Update 30/03/2016: I have added this design to Sketchfab for easier 3D viewing: https://skfb.ly/MB6I
Because I can't find aluminum profiles suitable for such projects in my area and, because i know that if here in Western Europe there are still many places which the T-slot/V-slot ALU extrusions are no where to be found, I thought about using the next best thing and that is ALU/Steel square tubes that anyone can find in a hardware store.
I have looked online only to find that all connectors are being plastic, 3d printed or simply bought from the same hardware store supplying the tubes (which is still some sort of plastic -ABS maybe) and I didn't like that.
I wanted an all-metal sturdy frame capable of holding tools or vibrations (3d printer) or just its own weight (furniture: cabinets, etc).
I also wanted a solution that can be easily scaled up without changing the layout of the existing patterns, whatever partition one would like to create.
My solution to this dilemma involves two types of tubes (two patterns of holes that is):
1) Tubes that have 4 holes at each end, two+two for receiving the two threaded legs of U-bolts;
2) Tubes that only have one hole at each end, hole that will receive the bolt that the U-Bolt will lock to when fastened.
The hardware involved is as follows:
- steel/alu tubes, two lengths (L1,L2);
- Long U-Bolts that can fit inside the tube, flush with its face and length that would allow it to span the square dimension and the distance from the hole to the edge of the profile. I used in my design an U-bolt that had M4 threads and a curvature diameter where I could fit almost perfectly an M5 bolt's threaded cylinder;
- Nuts for the U-Bolts (M4 in my design)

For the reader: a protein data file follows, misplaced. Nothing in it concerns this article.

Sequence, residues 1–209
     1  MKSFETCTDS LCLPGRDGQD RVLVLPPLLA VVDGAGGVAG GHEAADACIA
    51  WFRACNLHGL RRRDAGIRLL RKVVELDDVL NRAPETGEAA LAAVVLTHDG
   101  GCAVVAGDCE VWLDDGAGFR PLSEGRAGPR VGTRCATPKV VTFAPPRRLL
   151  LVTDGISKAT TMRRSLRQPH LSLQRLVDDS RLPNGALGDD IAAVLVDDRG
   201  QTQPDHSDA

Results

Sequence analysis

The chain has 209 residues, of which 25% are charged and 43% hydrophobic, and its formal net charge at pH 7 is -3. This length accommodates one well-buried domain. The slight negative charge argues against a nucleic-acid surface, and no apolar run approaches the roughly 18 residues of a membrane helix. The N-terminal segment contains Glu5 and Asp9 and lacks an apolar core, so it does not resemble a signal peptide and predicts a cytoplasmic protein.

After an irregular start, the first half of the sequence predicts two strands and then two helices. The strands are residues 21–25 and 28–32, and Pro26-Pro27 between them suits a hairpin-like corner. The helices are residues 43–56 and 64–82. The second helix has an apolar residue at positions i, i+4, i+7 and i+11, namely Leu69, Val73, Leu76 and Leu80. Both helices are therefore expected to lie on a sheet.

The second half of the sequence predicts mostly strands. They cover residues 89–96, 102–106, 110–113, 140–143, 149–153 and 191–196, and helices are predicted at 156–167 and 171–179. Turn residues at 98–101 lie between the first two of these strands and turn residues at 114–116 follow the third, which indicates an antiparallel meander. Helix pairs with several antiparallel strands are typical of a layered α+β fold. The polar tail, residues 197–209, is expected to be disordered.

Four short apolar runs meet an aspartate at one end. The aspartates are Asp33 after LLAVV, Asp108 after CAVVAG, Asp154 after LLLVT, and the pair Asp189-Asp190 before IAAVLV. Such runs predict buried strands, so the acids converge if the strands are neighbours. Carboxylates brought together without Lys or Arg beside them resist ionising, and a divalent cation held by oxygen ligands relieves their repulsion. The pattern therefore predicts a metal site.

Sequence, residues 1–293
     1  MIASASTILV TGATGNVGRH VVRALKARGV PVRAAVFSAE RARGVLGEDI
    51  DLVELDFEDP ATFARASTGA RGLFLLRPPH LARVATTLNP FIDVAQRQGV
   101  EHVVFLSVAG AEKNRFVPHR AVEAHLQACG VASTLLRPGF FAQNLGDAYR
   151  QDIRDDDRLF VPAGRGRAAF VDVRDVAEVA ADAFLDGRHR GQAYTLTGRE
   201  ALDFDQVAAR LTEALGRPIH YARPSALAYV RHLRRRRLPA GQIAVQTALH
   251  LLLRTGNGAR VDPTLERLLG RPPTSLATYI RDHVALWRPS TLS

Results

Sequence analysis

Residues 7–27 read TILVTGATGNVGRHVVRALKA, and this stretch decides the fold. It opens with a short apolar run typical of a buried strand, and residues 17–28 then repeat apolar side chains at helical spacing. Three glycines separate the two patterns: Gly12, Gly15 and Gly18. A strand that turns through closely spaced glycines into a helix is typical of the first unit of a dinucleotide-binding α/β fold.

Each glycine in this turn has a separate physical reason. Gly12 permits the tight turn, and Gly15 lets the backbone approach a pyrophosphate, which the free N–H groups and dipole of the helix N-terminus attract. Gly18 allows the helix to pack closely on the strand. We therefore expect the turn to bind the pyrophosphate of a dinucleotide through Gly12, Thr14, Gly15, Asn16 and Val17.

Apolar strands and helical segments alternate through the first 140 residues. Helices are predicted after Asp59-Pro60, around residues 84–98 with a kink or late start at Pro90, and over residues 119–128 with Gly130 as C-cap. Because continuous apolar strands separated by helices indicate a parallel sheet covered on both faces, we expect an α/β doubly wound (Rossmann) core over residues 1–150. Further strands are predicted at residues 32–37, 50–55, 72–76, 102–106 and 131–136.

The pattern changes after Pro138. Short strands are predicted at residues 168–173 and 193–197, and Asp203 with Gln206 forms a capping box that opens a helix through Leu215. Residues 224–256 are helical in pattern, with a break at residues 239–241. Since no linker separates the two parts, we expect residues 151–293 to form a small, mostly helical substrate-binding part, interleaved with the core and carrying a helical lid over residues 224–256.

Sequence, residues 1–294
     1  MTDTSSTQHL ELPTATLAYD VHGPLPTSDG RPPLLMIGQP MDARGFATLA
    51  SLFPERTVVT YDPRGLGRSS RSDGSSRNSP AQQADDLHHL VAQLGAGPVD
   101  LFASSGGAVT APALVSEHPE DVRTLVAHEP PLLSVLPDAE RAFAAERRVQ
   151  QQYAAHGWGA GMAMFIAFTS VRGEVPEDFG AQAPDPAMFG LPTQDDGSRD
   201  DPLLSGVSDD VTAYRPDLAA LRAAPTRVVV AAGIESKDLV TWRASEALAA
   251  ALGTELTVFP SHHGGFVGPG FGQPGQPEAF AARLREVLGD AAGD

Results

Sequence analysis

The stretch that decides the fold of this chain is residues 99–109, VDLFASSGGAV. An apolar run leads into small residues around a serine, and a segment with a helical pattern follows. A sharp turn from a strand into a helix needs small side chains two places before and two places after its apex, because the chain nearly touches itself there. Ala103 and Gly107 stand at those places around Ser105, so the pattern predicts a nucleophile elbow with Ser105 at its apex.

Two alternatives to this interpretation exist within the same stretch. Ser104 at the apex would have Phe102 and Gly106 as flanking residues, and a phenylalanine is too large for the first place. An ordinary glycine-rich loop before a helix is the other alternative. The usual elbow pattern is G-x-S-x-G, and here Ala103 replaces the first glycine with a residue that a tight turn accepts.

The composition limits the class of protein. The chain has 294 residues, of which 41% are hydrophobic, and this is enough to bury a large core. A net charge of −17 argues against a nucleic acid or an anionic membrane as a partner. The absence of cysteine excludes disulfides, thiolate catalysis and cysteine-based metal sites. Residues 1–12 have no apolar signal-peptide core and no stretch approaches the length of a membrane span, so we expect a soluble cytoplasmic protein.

- M5 bolt + Nut for the U-bolt's stopper;
- M5 Hex Coupler of a length that would clamp the U-Bolt to the tube's face. This can be either a cut-to-length Hex Coupler or a similar length stack of Washers and/or Nuts.
Note: the need for the hex coupler is dictated by the fact that without it the tube is free to move on the bolt's direction. This might not be a practical issue once the U-Bolts are fastened with locknuts but just to be on the safe side and to accommodate the higher precision needed by machinery like a 3D printer for example. This setup doesn't allow any tube to rotate around its axis or translate along any of his edges. It should be like a single piece of metal carved out from a block.
I have uploaded bot an STL to exemplify (with a nice exploded view of one of the planes) and the RSDOC file I used to build the CAD of the design - you can download and use for free the DesignSpark Mechanical to visualize that one or modify or play with it as you please).
Please let me know if you know of or have an even simpler solution that can be scaled to as many partitions as one needs, keeping the number of individual parts as low as possible.